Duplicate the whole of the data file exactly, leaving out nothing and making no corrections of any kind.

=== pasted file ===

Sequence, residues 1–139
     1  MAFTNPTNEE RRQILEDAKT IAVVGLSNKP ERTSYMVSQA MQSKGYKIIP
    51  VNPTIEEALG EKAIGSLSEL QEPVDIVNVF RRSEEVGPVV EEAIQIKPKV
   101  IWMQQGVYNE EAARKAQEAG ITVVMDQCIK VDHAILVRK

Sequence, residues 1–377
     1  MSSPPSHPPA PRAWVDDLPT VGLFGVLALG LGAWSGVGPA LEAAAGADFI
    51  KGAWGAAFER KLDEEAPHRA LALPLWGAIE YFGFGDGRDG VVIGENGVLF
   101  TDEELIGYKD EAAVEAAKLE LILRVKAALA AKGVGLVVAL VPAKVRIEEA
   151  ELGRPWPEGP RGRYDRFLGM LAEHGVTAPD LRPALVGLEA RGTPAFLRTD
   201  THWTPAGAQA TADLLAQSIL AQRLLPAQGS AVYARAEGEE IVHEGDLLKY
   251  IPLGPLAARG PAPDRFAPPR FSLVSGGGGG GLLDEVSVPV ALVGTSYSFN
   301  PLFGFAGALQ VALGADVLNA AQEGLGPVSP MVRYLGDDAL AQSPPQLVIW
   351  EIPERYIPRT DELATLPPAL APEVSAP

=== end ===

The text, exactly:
Sequence, residues 1–139
     1  MAFTNPTNEE RRQILEDAKT IAVVGLSNKP ERTSYMVSQA MQSKGYKIIP
    51  VNPTIEEALG EKAIGSLSEL QEPVDIVNVF RRSEEVGPVV EEAIQIKPKV
   101  IWMQQGVYNE EAARKAQEAG ITVVMDQCIK VDHAILVRK

Sequence, residues 1–377
     1  MSSPPSHPPA PRAWVDDLPT VGLFGVLALG LGAWSGVGPA LEAAAGADFI
    51  KGAWGAAFER KLDEEAPHRA LALPLWGAIE YFGFGDGRDG VVIGENGVLF
   101  TDEELIGYKD EAAVEAAKLE LILRVKAALA AKGVGLVVAL VPAKVRIEEA
   151  ELGRPWPEGP RGRYDRFLGM LAEHGVTAPD LRPALVGLEA RGTPAFLRTD
   201  THWTPAGAQA TADLLAQSIL AQRLLPAQGS AVYARAEGEE IVHEGDLLKY
   251  IPLGPLAARG PAPDRFAPPR FSLVSGGGGG GLLDEVSVPV ALVGTSYSFN
   301  PLFGFAGALQ VALGADVLNA AQEGLGPVSP MVRYLGDDAL AQSPPQLVIW
   351  EIPERYIPRT DELATLPPAL APEVSAP